22 “Then Agrippa said to Festus, “I would like to hear the man myself.” Festus replied, “Then tomorrow you shall hear him.” 23 The next day, Agrippa and Bernice came with great ceremony and entered the audience hall with the military chiefs and leading men of the city, and Festus ordered for Paul to be brought in. 24 And Festus spoke, “King Agrippa and all those present, you see here a man against whom all the Jews have complained, both in Jerusalem and here, shouting out that he no longer deserves to live. 25 But I did not find him having committed any crimes worthy of death.

“Since he has appealed to Caesar, I have decided to send him [to Rome as he has requested]26 But I have nothing definite to write to my Lord[, the Emperor, about his case]. So I have brought him before all of you and especially you, King Agrippa, so that after investigating his case, I might have something to write. 27 For it seems unreasonable to me to send a prisoner without clearly presenting the charges against him.”

Discussion questions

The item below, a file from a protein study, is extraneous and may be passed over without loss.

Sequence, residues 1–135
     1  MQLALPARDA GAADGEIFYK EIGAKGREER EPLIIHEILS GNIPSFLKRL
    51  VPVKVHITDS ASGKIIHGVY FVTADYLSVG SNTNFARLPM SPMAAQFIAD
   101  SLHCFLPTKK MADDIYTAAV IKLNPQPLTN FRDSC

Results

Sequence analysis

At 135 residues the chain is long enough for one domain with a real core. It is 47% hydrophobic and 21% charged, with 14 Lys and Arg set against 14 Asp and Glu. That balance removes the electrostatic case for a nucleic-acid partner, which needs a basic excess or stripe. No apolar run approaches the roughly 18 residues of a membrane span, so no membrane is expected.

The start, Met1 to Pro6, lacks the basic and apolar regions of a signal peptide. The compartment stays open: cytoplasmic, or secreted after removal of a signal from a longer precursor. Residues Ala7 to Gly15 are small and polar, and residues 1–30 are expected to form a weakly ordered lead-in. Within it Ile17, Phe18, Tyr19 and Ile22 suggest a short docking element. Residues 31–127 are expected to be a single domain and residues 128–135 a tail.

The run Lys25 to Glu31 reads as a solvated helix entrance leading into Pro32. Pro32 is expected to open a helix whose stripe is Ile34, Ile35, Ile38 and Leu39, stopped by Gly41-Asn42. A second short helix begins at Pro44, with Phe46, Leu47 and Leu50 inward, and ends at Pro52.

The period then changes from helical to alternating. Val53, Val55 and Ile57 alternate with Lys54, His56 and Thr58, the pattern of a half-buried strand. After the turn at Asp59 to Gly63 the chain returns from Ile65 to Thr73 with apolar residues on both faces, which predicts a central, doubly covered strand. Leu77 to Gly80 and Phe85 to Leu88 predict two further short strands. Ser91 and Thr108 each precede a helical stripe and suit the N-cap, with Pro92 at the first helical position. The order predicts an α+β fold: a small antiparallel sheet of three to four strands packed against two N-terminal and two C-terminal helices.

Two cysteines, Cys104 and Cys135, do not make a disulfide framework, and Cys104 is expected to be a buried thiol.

1. What do you think would have happened if Paul had given in to being tried in Jerusalem? What are the reasons Paul appealed to his right to be tried before Caesar? What do you think resulted from this decision?

Acts Chapter 25 discussion questions

2. Why was Herod’s family so curious about Jewish holy men like John the Baptist (Mark 6:20), Jesus (Luke 23:8), and Paul (Acts 25:22)? What was the root of their curiosity? And what do you think was the reason that they did not change their hearts and follow God?

Acts Chapter 26

Acts Chapter 26

Paul’s defense before King Agrippa

Then, [King] Agrippa said to Paul, “You may speak.” Paul stretched out his hand and began his account in defense of himself, “With respect to all the accusations the Jews have made against me, King Agrippa, I am glad to make my defense before you, because you are an expert in all the Jewish customs and issues, so I beg you to patiently hear me.

Paul's defense before King Agrippa

“All the Jews know the way I lived from a young age, first in my own country [Tarsus of Cilicia, in today’s eastern Turkey] and then in Jerusalem. If they [my Jewish accusers] testified, they themselves could tell you I lived as a Pharisee, the strictest group of our religion. And I am on trial because I stand for the hope of our ancestors for [the fulfillment of] God’s promise, the very promise for which the twelve tribes of our people worship God fervently night and day! It is because of this hope, oh King, that I am accused by the Jews. It shouldn’t be so hard for you [who are listening] to believe that God would raise the dead [since it is at the center of our faith].